UK power cut: The National Grid reportedly suffered three almost blackouts in recent months
The massive power cut last weekend affected trains, airports, hospitals and traffic lights. Blackouts were reported across the South East, Midlands, South West, North East and Wales. National Grid said it was caused by issues with two power generators but the problem has since been resolved.
However, industry sources told The Guardian the National Grid was aware of potential blackout “for years”.
Steve Shine, chairman of Anesco, a battery company, added: “It would be easy for National Grid to write this incident off as a fluke event, but they have actually been aware of this potential issue for many years.”
According to the paper, the system operator has suffered a severe dip in the grid’s frequency every month since May.
The normal range is around 50Hz but sources claimed this fell below 49.6Hz on three different occasions.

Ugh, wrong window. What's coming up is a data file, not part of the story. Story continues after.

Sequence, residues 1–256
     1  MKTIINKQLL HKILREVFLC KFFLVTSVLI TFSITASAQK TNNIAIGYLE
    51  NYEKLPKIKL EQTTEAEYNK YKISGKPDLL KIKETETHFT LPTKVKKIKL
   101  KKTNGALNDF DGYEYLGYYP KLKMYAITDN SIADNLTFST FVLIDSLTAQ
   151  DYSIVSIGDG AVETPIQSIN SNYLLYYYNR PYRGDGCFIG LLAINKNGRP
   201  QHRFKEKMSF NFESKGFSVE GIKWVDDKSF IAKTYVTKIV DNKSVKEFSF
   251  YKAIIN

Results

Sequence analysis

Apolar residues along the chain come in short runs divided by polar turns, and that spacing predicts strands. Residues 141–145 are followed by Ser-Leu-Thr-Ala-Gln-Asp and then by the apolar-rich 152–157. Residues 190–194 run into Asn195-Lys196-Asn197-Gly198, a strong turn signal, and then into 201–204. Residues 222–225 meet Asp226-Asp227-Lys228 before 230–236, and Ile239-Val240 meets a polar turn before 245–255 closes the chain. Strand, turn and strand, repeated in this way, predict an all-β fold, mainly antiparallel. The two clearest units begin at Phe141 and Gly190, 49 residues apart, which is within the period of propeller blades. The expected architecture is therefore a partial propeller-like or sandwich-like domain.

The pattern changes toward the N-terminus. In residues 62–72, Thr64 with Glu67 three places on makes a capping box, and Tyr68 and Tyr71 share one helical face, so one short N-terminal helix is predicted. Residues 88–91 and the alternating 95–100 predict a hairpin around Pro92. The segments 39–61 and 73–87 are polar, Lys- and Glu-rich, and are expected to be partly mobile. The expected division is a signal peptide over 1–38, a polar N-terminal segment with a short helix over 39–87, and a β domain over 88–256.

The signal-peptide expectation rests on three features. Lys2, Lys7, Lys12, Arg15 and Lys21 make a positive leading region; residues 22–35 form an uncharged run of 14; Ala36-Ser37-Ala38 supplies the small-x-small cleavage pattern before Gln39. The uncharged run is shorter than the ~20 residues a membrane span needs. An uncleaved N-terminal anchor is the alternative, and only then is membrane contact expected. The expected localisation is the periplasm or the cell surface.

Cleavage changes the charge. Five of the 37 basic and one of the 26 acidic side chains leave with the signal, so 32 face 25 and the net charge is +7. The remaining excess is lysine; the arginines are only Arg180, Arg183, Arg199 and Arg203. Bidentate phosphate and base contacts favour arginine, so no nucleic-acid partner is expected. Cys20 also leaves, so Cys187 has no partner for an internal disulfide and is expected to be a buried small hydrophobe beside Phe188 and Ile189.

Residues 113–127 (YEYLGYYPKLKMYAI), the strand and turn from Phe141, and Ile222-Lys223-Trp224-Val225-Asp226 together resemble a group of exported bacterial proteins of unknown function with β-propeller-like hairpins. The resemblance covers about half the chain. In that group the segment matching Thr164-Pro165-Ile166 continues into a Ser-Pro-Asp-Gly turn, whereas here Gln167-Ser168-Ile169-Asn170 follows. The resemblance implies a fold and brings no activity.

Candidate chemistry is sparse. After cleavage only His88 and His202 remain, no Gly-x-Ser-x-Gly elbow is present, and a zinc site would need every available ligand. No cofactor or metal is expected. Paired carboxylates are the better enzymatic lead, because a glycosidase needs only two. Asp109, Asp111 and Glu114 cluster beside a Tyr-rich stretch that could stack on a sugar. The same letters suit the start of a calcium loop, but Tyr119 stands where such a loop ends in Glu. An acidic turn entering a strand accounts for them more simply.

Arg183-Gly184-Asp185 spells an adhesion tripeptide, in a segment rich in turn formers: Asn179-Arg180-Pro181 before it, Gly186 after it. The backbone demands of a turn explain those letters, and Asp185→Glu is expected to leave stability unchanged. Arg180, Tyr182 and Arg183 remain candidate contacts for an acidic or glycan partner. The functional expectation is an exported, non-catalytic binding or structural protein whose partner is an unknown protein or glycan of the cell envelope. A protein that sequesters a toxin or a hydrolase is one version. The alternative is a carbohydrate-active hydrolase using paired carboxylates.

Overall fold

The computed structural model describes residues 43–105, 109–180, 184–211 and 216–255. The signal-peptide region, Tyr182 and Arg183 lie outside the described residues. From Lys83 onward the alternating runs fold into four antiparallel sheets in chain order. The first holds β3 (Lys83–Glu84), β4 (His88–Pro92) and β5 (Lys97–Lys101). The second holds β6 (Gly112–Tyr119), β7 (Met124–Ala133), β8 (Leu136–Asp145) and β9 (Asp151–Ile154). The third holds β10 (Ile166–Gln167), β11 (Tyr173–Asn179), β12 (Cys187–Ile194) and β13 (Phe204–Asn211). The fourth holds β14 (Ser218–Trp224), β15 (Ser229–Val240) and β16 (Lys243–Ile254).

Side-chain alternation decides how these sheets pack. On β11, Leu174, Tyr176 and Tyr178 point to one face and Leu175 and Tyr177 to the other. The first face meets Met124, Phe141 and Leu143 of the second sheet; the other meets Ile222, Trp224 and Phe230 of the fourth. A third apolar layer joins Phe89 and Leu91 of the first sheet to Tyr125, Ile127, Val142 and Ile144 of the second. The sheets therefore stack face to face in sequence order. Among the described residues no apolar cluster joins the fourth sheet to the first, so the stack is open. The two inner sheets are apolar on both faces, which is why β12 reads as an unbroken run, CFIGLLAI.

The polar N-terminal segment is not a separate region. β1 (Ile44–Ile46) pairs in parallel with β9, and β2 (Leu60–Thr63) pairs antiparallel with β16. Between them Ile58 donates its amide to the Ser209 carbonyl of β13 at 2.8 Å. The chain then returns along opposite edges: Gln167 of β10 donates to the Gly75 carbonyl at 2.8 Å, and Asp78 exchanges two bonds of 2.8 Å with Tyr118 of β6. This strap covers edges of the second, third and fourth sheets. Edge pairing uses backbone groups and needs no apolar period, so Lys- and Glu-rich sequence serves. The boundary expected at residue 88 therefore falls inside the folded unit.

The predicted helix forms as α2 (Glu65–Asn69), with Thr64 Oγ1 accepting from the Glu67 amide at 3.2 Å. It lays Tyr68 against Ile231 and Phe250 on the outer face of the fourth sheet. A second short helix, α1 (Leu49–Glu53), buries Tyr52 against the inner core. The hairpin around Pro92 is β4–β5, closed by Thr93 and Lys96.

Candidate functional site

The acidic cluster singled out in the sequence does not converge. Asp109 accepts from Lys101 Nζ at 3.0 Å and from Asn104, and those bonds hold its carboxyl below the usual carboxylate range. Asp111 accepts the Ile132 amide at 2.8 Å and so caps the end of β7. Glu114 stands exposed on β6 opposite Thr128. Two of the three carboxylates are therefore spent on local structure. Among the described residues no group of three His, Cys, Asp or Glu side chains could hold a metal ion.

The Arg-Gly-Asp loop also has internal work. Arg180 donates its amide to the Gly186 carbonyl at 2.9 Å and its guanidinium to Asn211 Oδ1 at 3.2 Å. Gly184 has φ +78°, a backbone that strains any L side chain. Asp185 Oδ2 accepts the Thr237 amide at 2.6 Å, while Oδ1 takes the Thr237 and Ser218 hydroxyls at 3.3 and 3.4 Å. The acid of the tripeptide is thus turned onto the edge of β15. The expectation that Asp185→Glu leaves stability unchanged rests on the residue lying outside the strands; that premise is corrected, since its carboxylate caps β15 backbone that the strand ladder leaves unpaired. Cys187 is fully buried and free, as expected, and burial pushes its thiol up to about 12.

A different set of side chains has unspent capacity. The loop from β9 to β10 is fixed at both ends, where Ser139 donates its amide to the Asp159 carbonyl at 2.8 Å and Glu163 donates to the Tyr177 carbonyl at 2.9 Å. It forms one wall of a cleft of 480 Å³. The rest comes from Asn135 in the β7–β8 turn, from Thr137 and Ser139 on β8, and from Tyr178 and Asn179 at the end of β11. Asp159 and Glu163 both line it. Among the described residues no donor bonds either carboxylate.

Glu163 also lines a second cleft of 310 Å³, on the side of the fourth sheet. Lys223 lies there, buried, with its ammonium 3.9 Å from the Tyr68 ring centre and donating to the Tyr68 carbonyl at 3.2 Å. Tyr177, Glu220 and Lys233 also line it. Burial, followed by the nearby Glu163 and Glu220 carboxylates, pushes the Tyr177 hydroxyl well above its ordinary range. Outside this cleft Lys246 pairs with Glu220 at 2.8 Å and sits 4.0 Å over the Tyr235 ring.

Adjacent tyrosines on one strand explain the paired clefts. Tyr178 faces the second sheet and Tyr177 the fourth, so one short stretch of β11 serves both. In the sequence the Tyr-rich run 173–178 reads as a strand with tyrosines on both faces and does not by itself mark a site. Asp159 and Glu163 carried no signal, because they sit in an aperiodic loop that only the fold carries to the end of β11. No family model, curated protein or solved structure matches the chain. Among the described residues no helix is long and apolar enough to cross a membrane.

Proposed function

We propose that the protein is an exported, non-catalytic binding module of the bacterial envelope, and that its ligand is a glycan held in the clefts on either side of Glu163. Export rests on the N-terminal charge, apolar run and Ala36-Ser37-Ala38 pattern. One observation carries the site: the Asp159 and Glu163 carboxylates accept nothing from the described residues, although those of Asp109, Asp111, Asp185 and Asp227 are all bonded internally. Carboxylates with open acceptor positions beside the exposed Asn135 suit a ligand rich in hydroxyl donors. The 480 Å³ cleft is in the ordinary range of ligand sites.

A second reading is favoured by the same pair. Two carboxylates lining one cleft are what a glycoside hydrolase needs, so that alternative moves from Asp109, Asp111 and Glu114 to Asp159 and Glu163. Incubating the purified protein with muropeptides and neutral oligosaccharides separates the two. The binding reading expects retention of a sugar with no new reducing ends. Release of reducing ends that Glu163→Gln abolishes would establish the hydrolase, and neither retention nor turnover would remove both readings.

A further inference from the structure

The figures come as Friday’s blackout was triggered by a 48.88Hz slump.
A spokesman for National Grid told The Guardian that these events were “independent”.
He said: “There was no trend or prediction of more frequency excursions.
“Over the past four years frequency has regularly fluctuated between the agreed limits, as part of the normal day-to-day operation of the electricity system.”
A Government investigation has since been launched into the power cut which affected millions.
Andrea Leadsom, Secretary of State for Business, Energy and Industrial Strategy, said Friday's power outage had caused "enormous disruption".
She added: "National Grid must urgently review and report to Ofgem.
"I will also be commissioning the Government's Energy Emergencies Executive Committee to consider the incident."